3.

Walter Darby Bannard

September 2, 2012, 10:13 AM

Government arts funding, which had a heady start with Nancy Hanks and Henry Geldzahler in the '60s, proceeded to commit suicide in later years by becoming irresponsibly confrontational, thereby making itself a political football.

I worked with a number of art advocacy programs in government many years ago and most of the government people were quite well-intentioned and practical in their decision-making. Unfortunately they had little direct art experience and felt that they had to respect whatever the art people—the "experts"—said, which led to disaster.

I am not an advocate of these programs, but the amounts spent are so negligible that it would seem that a few years of careful shepherding, staying away from political dangers by having a pragmatic mission statement, spending money on community projects and attending to the real economic and life-enhancing benefits of arts programs could develop grants that would have measurable positive benefits and stop provoking congressional attention.

4.

John Link

September 4, 2012, 11:32 AM

Speaking specifically of our NEA, it has had its chance. And it blew it. At its best, it serves the status quo, a status quo that will always say it needs more money than it has, but in truth has plenty enough.

Art serves the community by serving itself and that is something no committee of government adjudicators could ever understand. When they tried, as Darby points out, they bowed to "experts" who happened to be destructive, not art.

Franklin's math is right, it won't save any money to speak of, but eliminating it would rid the government landscape of one piece of litter.

5.

Piri Halasz

September 4, 2012, 6:32 PM

I thnk some of us tend to become rather too narrowly ensconced in our particular discipline and even our own particular tastes in contemporary art. People who kiss off the NEH and the NEA as patronizing "cowboy poetry and mime shows" have obviously never troubled their pretty little heads with actually looking at the websites of the organizations in question and seeing what they actually do fund.

Granted, a lot of it is purely ephemeral, but there is also funding for historical art and culture of all kinds, not just in the visual arts but also in the fields of music, theater, film, literature and the dance.

And it is predominantly high culture, as opposed to pop culture—classical music as opposed to country-and-western or rock concerts, Shakespeare as opposed to Spiderman, translations of foreign authors who don't concern themselves with girls involved with hornets' nests. Also, in the realm of the visual arts, museum shows of very worthwhile historical art as well as contemporary nonsense.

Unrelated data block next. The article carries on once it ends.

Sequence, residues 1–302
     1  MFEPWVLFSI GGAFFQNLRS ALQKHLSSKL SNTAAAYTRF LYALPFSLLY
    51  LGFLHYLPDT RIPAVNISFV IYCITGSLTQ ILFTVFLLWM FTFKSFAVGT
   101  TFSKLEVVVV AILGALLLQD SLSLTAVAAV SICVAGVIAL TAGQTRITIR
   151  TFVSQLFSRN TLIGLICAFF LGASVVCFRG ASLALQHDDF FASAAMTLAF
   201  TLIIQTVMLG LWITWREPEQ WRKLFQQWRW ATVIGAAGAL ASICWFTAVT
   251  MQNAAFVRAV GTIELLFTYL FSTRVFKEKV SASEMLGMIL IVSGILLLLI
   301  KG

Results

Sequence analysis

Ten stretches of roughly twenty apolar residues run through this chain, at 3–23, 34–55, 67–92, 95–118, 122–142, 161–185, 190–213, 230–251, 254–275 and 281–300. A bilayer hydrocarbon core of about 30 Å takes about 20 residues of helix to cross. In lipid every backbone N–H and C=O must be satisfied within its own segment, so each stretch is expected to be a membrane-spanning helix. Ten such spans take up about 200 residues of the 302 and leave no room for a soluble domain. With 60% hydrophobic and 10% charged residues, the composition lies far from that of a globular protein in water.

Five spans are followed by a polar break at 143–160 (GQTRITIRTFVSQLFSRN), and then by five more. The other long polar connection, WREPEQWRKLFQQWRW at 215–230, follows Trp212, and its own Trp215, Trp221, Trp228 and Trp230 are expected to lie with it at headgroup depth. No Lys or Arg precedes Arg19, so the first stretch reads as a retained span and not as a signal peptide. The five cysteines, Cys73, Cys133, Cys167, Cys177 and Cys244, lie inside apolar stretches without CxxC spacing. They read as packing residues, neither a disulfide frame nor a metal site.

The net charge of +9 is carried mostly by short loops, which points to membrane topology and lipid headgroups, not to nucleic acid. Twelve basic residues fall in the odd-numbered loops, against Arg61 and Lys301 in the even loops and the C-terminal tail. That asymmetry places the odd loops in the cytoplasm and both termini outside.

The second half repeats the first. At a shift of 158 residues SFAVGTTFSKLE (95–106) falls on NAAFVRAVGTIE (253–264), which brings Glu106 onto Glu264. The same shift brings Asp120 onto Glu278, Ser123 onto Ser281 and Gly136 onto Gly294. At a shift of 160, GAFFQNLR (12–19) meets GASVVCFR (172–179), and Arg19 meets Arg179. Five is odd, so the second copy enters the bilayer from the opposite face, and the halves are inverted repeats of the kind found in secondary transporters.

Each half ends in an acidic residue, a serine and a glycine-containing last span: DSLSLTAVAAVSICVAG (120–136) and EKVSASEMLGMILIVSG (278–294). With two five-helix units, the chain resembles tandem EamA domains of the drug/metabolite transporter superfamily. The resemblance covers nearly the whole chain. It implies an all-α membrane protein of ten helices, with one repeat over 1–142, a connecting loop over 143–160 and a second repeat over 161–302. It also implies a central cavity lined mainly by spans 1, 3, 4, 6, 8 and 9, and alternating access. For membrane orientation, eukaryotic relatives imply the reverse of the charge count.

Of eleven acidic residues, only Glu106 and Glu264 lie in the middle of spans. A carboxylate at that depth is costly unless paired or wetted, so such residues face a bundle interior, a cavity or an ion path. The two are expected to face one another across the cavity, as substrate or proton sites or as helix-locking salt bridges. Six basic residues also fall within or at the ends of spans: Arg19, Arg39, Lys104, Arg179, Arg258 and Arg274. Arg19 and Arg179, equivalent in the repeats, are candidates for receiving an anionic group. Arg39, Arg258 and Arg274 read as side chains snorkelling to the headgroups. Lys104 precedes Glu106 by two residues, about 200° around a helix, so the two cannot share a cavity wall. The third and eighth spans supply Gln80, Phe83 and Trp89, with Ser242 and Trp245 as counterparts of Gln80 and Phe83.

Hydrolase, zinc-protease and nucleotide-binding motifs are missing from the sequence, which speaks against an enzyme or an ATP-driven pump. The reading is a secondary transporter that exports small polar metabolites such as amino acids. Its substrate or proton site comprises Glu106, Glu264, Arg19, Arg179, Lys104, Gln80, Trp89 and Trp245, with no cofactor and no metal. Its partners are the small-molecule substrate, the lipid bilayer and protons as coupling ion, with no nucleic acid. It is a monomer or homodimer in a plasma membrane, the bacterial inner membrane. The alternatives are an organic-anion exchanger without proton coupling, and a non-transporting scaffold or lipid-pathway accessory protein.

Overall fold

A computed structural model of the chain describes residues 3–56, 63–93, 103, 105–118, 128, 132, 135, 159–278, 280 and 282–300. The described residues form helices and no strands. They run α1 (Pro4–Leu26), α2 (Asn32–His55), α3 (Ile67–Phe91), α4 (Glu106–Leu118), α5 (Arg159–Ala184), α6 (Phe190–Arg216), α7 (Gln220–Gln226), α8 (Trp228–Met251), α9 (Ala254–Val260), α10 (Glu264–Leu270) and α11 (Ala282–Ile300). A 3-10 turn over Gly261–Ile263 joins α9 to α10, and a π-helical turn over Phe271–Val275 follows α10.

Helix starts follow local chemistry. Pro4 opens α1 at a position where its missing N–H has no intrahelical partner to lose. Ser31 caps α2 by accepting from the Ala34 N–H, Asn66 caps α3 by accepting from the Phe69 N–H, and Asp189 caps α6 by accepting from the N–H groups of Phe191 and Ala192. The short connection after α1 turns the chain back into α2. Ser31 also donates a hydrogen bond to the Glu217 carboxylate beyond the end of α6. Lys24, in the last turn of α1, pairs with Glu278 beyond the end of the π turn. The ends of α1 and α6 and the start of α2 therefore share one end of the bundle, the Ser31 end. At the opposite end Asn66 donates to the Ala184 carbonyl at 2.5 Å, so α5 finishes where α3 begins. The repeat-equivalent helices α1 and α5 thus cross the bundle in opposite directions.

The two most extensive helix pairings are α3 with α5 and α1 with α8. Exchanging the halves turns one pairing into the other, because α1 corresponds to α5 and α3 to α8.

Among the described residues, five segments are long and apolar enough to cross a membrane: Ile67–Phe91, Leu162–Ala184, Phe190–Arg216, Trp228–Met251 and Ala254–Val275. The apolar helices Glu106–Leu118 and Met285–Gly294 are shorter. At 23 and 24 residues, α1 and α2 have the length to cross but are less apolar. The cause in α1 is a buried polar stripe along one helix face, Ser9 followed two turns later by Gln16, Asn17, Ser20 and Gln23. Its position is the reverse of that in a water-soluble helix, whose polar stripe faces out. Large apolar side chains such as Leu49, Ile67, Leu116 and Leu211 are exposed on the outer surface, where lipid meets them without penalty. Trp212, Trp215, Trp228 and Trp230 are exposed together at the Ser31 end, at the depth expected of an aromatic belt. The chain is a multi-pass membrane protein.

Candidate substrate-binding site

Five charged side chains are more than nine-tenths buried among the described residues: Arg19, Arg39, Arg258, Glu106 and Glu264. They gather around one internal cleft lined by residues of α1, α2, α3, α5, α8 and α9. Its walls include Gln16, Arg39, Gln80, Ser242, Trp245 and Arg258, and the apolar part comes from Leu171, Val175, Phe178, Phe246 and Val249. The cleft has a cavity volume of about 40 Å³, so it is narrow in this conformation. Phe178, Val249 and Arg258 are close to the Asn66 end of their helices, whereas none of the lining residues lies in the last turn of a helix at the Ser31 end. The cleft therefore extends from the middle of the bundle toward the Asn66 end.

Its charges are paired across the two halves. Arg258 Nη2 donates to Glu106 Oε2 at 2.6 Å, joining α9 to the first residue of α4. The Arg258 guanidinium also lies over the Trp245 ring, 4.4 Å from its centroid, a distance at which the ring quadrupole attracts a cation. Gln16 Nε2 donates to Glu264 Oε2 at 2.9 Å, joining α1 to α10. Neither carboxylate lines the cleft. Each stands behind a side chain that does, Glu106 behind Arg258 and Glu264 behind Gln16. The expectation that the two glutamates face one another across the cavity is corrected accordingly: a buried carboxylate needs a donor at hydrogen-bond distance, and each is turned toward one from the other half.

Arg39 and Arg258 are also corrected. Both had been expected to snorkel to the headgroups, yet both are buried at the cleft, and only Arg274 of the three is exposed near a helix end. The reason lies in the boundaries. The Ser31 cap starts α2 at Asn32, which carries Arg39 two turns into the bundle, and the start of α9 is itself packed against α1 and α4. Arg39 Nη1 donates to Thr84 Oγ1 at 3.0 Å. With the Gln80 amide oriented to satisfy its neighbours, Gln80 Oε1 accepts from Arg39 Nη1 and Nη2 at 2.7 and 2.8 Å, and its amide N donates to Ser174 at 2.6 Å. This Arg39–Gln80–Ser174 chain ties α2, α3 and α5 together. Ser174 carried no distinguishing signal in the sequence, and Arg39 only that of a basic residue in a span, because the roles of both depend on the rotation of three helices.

Indeed, most major museum shows of historical art couldn't get off the ground if they didn't get grants from goverrnmental sources as well as corporate and private ones. I'm particularly aware of this phenomenon because I attend a lot of media previews of museum exhibitions, where they hand out press releases about the shows in question. These press releases always list various donors of funding, and it is almost unheard of to have a show that doesn't list a number of such donors.

I would suspect the same or similar situations obtain in the other arts as well, because high culture is not a big money-maker in our society. This is because it doesn't appeal to wide segments of the population. Despite the growth of museum attendance promoted by the staging of contemporary idiocies, this audience still doesn't rank in a class with attendance at sporting events, for example, any more than concerts of Mozart, Beethoven, or even Philip Glass draw crowds on the order of Justin Bieber.

Look at the coverage of art and culture on US television, which appeals to a national audience. Ask yourself when was the last time you saw a prime time network show that dealt with classical music, abstract painting or Chekhov. I'm not saying that TV should cover these subjects, I'm just saying the fact that it doesn't cover them should tell you that they're not mass phenomena. However much so-called the "high" art of the museums has become diluted with populist inroads, on balance the popularity of middlebrow culture is still far more pervasive and deserves to be combatted with whatever small amount of governmental spending can be diverted to it. And, however much the advocates of postmodernist art may congratulate themselves on making art more "accessible" to the masses, we are still not that far removed from "Avant-Garde and Kitsch" (1939).